DNS: Internet Society Comments on the "Green Paper" (fwd)

DNS: Internet Society Comments on the "Green Paper" (fwd)

From: Kate Lance <clance§connect.com.au>
Date: Wed, 18 Mar 1998 15:29:04 +1100 (EST)
Below is the document just released by ISOC (the international 
organisation) with their comments on the Green Paper.

Briefly, the main points are:

- support for Jon Postel's proposals for a new IANA as a central authority 
  for IP protocols, addresses, domain names and the root server system

- gTLD registries are seen as service functions for the Internet, to be 
  administered on a non-profit basis using shared database technology,
  subject to the public trust

- registrar functions are the competitive businesses that users must be
  able to move between without being tied-in

- the dispute resolution procedures already designed and facilitated by 
  POC/CORE/PAB groups provide a good basis for resolving intellectual 
  property disputes

- details of exactly how many registries, number of gTLDs etc, must be
  decided as a matter of self-governance by the Internet community and
  not by the US government.
Kate Lance

                   Comments of the Internet Society
                           in regards to the
                        Department Of Commerce
      National Telecommunications and Information Administration
                         15 CFR Chapter XXIII
                    [Docket No. 980212036-8036-01]
                 Improvement of Technical Management
                   of Internet Names and Addresses
                           ("Green Paper")
                            17 March 1998

I.      Introduction

The Internet Society (ISOC) wishes to thank the members of the team that
produced the referenced document ("Green Paper") for their diligent effort
against a formidable time constraint; and, for bringing forward several of
the issues that are critical to the continued evolution of the Internet.
We are confident that an international open process with no undue influence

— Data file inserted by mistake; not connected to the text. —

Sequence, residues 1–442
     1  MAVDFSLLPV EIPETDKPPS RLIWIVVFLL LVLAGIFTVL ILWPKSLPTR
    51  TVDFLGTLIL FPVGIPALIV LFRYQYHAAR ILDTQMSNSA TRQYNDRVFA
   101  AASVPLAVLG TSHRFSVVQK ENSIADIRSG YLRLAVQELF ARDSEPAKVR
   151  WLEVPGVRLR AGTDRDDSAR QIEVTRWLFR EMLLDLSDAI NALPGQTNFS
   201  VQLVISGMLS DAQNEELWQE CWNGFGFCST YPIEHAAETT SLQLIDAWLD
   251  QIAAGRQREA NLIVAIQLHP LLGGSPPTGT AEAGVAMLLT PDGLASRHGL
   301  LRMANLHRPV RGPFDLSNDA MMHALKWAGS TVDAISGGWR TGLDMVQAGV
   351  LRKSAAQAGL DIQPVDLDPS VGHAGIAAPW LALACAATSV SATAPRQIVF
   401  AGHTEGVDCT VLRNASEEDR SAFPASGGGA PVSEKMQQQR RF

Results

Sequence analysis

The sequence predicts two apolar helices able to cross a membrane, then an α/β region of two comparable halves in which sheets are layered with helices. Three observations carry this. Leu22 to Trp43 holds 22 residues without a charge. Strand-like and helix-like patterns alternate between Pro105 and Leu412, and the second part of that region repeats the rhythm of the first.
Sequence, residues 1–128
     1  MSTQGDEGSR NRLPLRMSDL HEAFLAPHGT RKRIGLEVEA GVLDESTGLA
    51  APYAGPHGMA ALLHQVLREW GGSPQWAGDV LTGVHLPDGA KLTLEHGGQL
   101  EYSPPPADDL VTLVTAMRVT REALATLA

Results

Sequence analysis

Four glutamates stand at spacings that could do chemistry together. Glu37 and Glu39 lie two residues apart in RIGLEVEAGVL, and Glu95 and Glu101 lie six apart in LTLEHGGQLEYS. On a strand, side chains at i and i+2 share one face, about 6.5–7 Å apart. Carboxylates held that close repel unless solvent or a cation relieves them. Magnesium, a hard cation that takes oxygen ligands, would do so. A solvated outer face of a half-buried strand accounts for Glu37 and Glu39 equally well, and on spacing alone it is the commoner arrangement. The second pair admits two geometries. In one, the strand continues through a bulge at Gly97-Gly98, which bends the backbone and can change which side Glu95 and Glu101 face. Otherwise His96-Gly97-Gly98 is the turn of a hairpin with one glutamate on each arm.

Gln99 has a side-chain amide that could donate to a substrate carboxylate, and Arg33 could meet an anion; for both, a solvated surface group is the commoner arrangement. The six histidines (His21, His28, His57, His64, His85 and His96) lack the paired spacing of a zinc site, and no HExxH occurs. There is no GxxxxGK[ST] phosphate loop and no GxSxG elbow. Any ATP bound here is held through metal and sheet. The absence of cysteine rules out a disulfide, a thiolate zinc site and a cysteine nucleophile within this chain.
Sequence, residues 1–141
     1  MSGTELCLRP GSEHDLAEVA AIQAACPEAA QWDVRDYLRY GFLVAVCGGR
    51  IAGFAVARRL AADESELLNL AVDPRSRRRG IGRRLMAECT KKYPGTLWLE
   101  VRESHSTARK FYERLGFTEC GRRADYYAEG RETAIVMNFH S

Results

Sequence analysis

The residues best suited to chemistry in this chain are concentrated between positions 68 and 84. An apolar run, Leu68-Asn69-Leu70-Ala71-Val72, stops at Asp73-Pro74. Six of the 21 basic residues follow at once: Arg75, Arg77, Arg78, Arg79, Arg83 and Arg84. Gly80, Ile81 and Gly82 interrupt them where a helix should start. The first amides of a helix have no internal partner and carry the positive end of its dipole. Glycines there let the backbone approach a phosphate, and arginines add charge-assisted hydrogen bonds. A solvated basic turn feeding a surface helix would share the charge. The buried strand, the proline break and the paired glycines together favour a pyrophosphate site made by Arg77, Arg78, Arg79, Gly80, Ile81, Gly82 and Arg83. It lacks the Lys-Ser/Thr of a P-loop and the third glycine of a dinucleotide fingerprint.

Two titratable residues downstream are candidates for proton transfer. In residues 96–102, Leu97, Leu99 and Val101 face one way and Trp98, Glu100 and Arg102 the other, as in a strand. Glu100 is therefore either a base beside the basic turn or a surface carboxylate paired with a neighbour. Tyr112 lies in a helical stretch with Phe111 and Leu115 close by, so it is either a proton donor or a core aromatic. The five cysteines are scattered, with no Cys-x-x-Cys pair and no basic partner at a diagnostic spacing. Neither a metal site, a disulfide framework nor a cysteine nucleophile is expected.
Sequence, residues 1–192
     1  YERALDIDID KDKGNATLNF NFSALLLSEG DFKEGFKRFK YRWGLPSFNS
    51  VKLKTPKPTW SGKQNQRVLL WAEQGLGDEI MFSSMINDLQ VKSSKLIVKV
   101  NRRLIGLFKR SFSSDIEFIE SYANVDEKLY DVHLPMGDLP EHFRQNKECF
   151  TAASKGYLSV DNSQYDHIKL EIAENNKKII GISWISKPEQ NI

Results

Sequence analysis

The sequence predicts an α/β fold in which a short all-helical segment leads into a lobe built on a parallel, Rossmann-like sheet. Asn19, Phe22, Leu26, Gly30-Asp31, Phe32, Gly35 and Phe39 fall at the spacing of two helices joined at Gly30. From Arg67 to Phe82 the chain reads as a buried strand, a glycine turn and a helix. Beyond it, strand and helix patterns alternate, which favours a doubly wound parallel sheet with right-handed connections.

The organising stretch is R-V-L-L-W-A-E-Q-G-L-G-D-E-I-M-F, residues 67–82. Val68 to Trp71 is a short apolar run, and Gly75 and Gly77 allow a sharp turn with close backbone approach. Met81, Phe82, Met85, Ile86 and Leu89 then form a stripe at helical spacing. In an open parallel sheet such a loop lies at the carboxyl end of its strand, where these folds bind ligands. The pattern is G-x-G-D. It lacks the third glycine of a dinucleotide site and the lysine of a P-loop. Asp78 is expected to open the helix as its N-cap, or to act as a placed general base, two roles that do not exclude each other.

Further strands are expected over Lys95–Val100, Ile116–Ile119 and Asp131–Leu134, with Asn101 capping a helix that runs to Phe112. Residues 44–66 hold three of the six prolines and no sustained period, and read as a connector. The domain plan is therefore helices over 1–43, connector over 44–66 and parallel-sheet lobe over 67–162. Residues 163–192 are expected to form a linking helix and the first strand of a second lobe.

from any one entity to discuss and resolve these issues will result in
conclusions and actions for the best interests of the Internet.

II.     Executive Summary

The development and evolution of the Internet has been in process for a
number of years.  In all those years, it has employed principles of
self-governance, out of which has emerged the concept of "rough consensus."
 Rough consensus is reached through a rigorous, openly vetted process that
produces the best of alternatives; it does not mean unanimity, but it does
mean broad based acceptance.  Cooperation amongst the Internet stakeholders
produces rough consensus and has brought the Internet to its present
successful and robust state.  The Internet Society encourages the
continuance of this proven concept.

There are several key issues presented in the Green Paper for which ISOC
has special concern or interest:

Central Authority  -  The Internet Society supports the concept of a
central authority for the management and administration of: Internet
address space, other protocol conventions essential to the use and
operation of the Internet, domain names, and the root server system.  We
note the similarity between the proposal in the Green Paper for this
central authority, and that proposed by Dr. Jon Postel of IANA
<http://www.iana.org/iana/iana-plan-980113.txt as developed through the
normal process of consensus building which has been employed for the many
years of Internet evolution.

The Internet Society expresses support for the proposal of Dr. Postel, and
believes there are common grounds upon which these two proposals can
coalesce.  We believe it would be beneficial to the continued health of the
Internet for rough consensus to result on this issue and we encourage all
interested parties to commit to supporting the concept.

Registries  - A registry is the database repository for one or more gTLDs.
A registry is a monopoly.  This is an unfortunate fact that exists, at
least for now, due to technical limitations.  As a result, a registry must
operate under different guidelines than a normal business.  The potential